See 17 Christmas Trees From Around The World in Bethlehem, Pa.
December 19th, 2014 posted by Kim Lilly
Oh Christmas Tree, Oh Christmas Tree. Oh 17 Christmas Trees? That is exactly what you’ll find in the lobby of the Comfort Suites in Bethlehem, Pa.
That’s right. The South Bethlehem Historical Society takes control of the hotel’s lobby each year since 1992 and decorates 17 trees, each done as authentic as possible, from different countries.
It is absolutely stunning to see the different styles and items that are used around the world. Each tree has a poster that sits in front of it, describing what Christmas traditions are like in each country. There is also a map for those of us that are geographically challenged. There’s no charge to view the artificial trees. Donations are accepted on site and are used to help keep the trees looking their best with lights and decorations.
Here’s a sneak peek:
The Moravian Christmas Tree
Christmas was first celebrated in the United States in 1747. Bethlehem’s Moravian community gathered around a pyramid artificial tree that was decorated with candles. The Moravian community in Bethlehem is noted as being the first documented use of Christmas “pyramid” trees in America.
The Ukrainian Christmas Tree
This one is special to me as it is part of my heritage. I love that they use Pysanka eggs on the tree!
The Latino Christmas Tree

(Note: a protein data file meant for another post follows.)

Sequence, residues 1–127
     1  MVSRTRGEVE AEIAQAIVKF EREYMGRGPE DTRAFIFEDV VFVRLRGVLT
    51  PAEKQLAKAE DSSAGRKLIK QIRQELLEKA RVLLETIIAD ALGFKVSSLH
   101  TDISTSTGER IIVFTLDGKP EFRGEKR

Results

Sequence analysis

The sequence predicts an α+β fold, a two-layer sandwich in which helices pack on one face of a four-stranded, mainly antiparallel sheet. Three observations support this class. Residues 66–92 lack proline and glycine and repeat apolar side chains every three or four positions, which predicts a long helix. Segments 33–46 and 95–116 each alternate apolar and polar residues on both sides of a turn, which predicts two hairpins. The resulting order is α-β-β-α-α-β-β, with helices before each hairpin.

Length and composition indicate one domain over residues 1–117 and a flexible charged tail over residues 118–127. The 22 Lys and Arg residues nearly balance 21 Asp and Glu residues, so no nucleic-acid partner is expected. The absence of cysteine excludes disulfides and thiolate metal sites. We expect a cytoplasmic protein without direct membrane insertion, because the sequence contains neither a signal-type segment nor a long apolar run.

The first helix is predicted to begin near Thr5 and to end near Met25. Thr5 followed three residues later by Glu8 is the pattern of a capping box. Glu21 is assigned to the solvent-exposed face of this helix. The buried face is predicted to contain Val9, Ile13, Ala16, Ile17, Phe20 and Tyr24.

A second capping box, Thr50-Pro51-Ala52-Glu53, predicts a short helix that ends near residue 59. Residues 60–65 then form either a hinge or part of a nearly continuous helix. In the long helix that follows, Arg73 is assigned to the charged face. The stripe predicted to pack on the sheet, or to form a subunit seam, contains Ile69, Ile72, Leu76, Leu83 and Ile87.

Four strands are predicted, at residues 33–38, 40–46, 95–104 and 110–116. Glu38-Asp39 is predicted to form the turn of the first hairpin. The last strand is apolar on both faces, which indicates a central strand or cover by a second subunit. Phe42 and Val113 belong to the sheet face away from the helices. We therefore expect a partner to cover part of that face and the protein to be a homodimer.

On Christmas Eve at midnight, the celebration of the birth of Christ Child takes place, commonly known as “Misa de Gallo” or the Rooster Mass. On Christmas Day (Navidad), December 25, Christ’s birth was celebrated by food, music and gifts.
The African American Christmas Tree
Pecan, walnuts and pine cones adorn these trees. Christmas Day was celebrated with “blessings” under the tree, most likely precious fruits including oranges and apples. A big family gathering included a meal of “thanks” that is served midday.
Ireland’s Christmas Tree
Mistletoe and small mangers were often the scene in the Irish home. They followed a strict Advent period of four weeks leading up to the fourth Sunday of Advent, including no meat eaten on Christmas Eve.
The German Christmas Tree
And, probably one of my favorite toppers is from Germany. They actually hide a pickle in the tree. The child that finds it first on Christmas Day is awarded an extra gift for being so observant.
What are your family traditions? Do you have any special items that must be used on the tree? We’d love it if you share a picture of your tree with us! You’ll have until January 8 to check out these trees, which takes you through Ukrainian Christmas.
Comfort Suites Bethlehem
120 W. Third St. Bethlehem, PA 18015
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Comfort Suites Bethlehem